End-of-class: teacher should introduce Out-of-Class Assignment #2. They should quickly demonstrate how to use ChatGPT to students. 


Out-of-Class Assignment #2

*Should be the work assigned after In-Class Lesson Plan #1 

Explanation for students: Now that you have experience with writing style as an imitation practice as well as a stance that a writer adopts, we want to continue exploring your writing style. We want to start identifying what your writing style is. We also want to think about the stance you are taking. 

To help you start examining your writing style, you will do a few things. First, you will write a brief one-to-two sentence summary of the paragraph that you revised for our previous class period. You want to have a clear understanding of what you are doing with the paragraph. 

Second, you will go to ChatGPT (link). You will input the one-to-two sentence paragraph summary that you wrote. You will then ask ChatGPT to generate a paragraph on those points for you. 

Third, you will copy-and-paste the paragraph that ChatGPT generates into a document. You want to save the paragraph that ChatGPT generates so that you can compare it to your own paragraph.

Fourth and finally, you will write a short comparison of your original, revised paragraph to the paragraph generated by ChatGPT. You want to focus on the aspects of writing-style-as-a-stance that we discussed during our previous class. You want to focus on how ChatGPT uses prepositions, adjectives and adverbs, how it uses information, and how it frames its readers (aka you). You want to think about what you are doing and how that differs from what ChatGPT does.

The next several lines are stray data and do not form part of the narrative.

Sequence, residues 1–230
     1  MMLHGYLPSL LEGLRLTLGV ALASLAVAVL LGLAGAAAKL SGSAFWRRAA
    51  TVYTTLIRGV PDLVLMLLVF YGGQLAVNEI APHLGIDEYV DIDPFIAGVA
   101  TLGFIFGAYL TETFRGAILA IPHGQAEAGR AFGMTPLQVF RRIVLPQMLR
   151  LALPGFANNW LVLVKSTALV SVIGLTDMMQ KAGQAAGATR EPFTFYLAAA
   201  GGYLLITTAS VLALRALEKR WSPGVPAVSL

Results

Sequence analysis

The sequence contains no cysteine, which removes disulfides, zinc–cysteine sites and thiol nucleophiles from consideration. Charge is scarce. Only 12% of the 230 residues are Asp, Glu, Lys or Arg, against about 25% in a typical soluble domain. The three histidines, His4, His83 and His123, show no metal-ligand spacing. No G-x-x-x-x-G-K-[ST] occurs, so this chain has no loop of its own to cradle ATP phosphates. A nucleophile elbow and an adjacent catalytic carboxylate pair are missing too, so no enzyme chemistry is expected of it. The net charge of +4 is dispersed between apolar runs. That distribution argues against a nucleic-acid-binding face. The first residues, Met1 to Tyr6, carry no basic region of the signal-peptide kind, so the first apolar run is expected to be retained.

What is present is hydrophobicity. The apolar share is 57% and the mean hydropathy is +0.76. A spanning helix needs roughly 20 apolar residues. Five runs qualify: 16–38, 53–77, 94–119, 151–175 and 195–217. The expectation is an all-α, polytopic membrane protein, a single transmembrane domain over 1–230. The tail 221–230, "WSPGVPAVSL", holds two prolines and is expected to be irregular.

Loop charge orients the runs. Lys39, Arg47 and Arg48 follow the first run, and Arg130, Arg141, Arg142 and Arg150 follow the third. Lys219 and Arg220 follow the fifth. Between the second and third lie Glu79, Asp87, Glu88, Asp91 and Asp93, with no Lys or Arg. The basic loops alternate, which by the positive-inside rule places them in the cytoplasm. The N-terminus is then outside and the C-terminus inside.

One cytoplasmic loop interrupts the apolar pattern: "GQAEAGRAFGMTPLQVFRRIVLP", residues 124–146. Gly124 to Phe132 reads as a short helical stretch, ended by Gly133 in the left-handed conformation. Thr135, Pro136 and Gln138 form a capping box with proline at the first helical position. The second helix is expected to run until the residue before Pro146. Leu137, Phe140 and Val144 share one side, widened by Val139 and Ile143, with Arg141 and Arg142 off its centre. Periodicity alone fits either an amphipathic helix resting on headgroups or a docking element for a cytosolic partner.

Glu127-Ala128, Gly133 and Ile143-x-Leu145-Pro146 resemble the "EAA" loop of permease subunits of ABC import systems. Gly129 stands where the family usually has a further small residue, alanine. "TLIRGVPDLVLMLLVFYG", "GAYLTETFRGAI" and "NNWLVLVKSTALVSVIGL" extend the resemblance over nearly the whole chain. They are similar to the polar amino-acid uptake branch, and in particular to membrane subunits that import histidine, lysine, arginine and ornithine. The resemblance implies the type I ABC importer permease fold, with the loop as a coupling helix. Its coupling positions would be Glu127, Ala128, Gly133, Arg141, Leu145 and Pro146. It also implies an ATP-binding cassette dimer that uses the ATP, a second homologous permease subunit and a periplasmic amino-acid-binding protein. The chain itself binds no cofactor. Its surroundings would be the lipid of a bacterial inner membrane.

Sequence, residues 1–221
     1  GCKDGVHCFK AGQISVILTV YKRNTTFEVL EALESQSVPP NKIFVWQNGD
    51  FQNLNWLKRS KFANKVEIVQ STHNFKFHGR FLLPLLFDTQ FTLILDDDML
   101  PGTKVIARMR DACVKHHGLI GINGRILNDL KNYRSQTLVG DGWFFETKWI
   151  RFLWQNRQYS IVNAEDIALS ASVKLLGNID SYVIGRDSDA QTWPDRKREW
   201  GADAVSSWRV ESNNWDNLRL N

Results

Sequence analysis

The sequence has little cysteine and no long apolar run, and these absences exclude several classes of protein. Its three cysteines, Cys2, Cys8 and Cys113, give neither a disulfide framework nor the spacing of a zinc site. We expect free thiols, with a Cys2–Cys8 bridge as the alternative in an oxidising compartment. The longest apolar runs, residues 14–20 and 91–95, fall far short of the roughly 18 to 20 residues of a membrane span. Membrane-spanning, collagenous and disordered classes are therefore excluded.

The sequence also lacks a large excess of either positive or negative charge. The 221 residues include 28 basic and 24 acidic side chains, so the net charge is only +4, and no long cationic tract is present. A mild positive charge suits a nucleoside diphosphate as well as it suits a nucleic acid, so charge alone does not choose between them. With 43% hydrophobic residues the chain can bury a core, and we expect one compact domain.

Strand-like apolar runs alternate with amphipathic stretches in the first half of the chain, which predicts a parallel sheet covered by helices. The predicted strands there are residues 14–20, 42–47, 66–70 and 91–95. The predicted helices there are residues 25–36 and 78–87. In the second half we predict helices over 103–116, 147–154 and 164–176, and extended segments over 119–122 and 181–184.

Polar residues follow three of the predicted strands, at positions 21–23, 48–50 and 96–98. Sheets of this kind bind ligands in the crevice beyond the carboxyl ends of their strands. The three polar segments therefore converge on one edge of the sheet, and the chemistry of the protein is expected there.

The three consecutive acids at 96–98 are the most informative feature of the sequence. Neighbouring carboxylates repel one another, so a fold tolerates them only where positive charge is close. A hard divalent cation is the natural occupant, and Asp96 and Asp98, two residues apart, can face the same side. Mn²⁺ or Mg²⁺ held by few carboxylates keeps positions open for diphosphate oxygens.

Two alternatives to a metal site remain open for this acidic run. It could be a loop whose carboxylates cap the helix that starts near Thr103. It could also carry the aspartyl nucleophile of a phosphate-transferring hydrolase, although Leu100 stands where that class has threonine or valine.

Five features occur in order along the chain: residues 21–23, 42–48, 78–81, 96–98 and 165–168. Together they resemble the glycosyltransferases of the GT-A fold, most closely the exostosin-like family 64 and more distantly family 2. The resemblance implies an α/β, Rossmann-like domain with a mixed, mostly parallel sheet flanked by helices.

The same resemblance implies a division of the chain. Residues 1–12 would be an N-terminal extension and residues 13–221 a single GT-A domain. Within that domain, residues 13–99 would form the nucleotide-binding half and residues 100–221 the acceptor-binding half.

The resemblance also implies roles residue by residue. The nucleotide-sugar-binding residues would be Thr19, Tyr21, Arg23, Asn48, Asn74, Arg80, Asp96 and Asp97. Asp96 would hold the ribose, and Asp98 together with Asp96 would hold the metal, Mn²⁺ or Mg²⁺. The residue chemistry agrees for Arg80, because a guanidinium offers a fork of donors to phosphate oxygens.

In-Class Lesson Plan #2

*Should follow Out-of-Class Assignment #2

General Outline 

Opening Discussion: students share their experiences using ChatGPT and the differences and similarities between their writing and the paragraph generated by the auto-writer. The teacher should keep a running list on the board or in a shared online writing document of all the points students make about the things that the auto-writer does. 

Activity: students are then asked to define “writing style.” They individually write two-to-three sentence definitions of the rhetorical theory of writing style. The teacher then works with the students to develop a collective, negotiated definition of writing style. 

End-of-class: teacher should introduce Out-of-Class Assignment #3. 


Out-of-Class Assignment #3

*Should be the work assigned after In-Class Lesson Plan #2

Explanation for students: Hopefully, you now have an understanding of writing style and how it plays a co-facilitator role in writing. The writing style one uses influences their message, points, and/or arguments. The ultimate goal is for you to develop a sense of your own writing style. For you to be able to define what you want to do and why you want to do it. 

However, before you can do that, you should learn to identify elements of a text’s writing style. You should learn to analyze and understand others’ writing styles. With that in mind, you will do two things for our next class period. First, you will select one of the paragraphs below. These paragraphs all provided different and distinct writing styles. You will select one paragraph that you feel is well written and that has elements that you want to copy. Following this, you will write a short summary of the paragraph, turning it into a prompt. You will enter that prompt into ChatGPT to have it generate its own version of the paragraph. We are using ChatGPT to quickly get a quick sense of how else this paragraph could be written.